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How Fintech Has Opened the Doors for Small Business Funding

Posted by Jess Harris to Industry News, Funding

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The prevalence and capabilities of technology have made it possible for even a 2-year-old to benefit from these innovations, but, as progress continues forward at a rapid pace, these children will one day consider our highest tech antiquated. We are in the midst of a revolution. This revolution doesn’t necessarily have to do with politics or governments either, but rather with the way business is conducted worldwide. Technology has had a tremendous effect on all aspects of our lives.  We are now more connected to the world than ever believed possible in the past. It may be hard to believe, but we are still in the infancy of technological change.


Nowhere has technology had more of an effect than in finance. Everything from the speed of information, the way we bank, and even money itself have been forever altered by high technology. Emerging from this evolution is the financial technology revolution, #Fintech for short.


The Connection Between Technology and Finance

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Fintech is the application of technology to finance. Specifically, the term means any technological innovation applied to finance.


The modern day fintech revolution started in the 1950’s with the launch of the first credit card, Diners Club. Next was the advent of the automatic teller machine (ATM) in the 1960’s; then the revolution moved to the financial markets with electronic trading starting to replace face to face trading on the exchange floor. The next big step in fintech happened in 1980 with the application of mainframe computers to banking. This enabled better decision making and record keeping than ever before. In the 1990’s the revolution targeted financial markets with the advent of online brokers and the ability for individual traders to place trades over the internet rather than the phone.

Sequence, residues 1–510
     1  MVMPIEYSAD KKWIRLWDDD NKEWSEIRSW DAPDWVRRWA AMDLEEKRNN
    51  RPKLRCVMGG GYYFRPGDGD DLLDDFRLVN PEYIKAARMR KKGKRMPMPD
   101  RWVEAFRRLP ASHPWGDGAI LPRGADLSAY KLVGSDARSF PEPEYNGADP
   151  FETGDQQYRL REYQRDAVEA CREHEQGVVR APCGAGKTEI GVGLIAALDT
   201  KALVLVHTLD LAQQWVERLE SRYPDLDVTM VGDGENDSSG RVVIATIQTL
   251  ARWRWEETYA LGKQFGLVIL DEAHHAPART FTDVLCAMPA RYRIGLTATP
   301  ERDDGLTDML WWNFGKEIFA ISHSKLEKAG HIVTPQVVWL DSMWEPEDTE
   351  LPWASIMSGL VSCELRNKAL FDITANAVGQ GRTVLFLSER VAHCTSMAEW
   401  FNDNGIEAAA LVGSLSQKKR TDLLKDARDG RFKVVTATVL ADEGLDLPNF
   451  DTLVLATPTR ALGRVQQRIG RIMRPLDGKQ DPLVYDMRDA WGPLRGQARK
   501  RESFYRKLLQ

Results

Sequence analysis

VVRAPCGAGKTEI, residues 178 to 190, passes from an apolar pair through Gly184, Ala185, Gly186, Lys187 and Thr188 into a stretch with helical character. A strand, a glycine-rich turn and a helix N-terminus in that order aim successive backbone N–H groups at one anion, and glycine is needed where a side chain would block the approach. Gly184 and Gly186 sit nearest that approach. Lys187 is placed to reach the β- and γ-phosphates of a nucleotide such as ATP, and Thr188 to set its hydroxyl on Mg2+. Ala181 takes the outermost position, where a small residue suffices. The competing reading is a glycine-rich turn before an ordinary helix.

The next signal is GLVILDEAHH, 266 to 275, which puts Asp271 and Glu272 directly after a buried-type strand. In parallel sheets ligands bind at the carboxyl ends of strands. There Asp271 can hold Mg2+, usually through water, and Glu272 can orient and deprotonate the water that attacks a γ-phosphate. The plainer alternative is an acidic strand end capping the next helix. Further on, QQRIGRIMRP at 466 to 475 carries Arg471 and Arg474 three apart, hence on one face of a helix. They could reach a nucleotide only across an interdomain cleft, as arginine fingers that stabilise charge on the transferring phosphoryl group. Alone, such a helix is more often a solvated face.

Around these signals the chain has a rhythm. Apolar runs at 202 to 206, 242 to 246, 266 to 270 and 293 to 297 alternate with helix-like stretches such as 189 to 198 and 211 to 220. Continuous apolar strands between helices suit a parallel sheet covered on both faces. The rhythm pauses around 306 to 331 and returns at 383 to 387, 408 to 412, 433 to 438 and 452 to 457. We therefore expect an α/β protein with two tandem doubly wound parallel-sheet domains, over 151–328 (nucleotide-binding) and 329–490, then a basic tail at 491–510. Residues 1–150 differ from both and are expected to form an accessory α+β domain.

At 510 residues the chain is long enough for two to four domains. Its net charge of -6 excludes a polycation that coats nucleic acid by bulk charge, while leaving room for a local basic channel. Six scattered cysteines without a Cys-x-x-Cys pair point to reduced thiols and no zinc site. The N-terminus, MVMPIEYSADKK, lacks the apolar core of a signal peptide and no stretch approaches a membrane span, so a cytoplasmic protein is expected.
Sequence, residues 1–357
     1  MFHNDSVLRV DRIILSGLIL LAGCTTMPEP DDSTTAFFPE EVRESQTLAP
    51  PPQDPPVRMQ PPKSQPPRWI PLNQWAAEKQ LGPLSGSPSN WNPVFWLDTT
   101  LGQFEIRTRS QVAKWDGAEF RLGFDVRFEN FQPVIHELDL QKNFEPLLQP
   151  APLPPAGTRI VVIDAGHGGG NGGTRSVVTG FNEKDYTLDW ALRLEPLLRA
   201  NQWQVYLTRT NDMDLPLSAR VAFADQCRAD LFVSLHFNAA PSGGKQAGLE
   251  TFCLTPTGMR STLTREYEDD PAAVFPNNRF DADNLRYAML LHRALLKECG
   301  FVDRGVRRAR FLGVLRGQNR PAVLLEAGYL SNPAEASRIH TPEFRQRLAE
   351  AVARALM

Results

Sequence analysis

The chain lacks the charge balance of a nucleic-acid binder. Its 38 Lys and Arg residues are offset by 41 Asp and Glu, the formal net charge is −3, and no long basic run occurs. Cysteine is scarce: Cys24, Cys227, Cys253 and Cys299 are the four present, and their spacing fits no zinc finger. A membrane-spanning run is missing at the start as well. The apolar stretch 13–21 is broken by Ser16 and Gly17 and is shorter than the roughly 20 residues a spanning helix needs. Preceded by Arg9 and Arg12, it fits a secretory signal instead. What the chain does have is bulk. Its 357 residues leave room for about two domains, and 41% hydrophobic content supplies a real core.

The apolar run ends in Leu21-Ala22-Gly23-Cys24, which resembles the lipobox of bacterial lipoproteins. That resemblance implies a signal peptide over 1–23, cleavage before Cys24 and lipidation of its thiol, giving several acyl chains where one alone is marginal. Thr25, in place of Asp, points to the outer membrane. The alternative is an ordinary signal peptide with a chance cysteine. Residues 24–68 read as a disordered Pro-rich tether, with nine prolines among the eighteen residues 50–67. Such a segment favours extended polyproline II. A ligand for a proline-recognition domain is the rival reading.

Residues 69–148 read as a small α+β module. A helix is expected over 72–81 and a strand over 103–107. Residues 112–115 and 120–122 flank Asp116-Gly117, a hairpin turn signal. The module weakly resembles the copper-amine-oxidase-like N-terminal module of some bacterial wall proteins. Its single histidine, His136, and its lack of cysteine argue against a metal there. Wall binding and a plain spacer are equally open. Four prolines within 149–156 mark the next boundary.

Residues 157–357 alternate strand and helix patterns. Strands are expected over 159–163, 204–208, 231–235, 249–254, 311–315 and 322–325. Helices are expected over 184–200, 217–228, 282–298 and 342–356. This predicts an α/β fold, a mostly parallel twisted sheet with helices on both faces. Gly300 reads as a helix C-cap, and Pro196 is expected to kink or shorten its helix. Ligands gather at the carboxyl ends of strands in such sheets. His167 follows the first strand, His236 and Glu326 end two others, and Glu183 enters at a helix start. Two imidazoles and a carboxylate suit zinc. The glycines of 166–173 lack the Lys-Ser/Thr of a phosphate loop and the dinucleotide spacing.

Today, the fintech revolution is in a major acceleration phase. Mobile wallets, crowdfunding platforms, and even robo-advisors that make actual investment decisions have hit the marketplace. While fintech used to primarily benefit the institutional side of finance, today it is helping the individual, perhaps to an even greater degree.


The Fintech Impact

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Perhaps the most powerful way that fintech has rocked the financial markets is how business loans are obtained. This change is so severe that some economic pundits are even projecting the demise of traditional banking institutions. Business people no longer have to go to their local banks for business loans. Companies have sprouted from the fintech revolution and can provide online working capital to businesses without the need for banks or other traditional lending institutions. The traditional way of applying for loans by waiting in line at your bank and enduring the sometimes humiliating process has been upended by the new wave of fintech business lenders who want in on the tech investment action.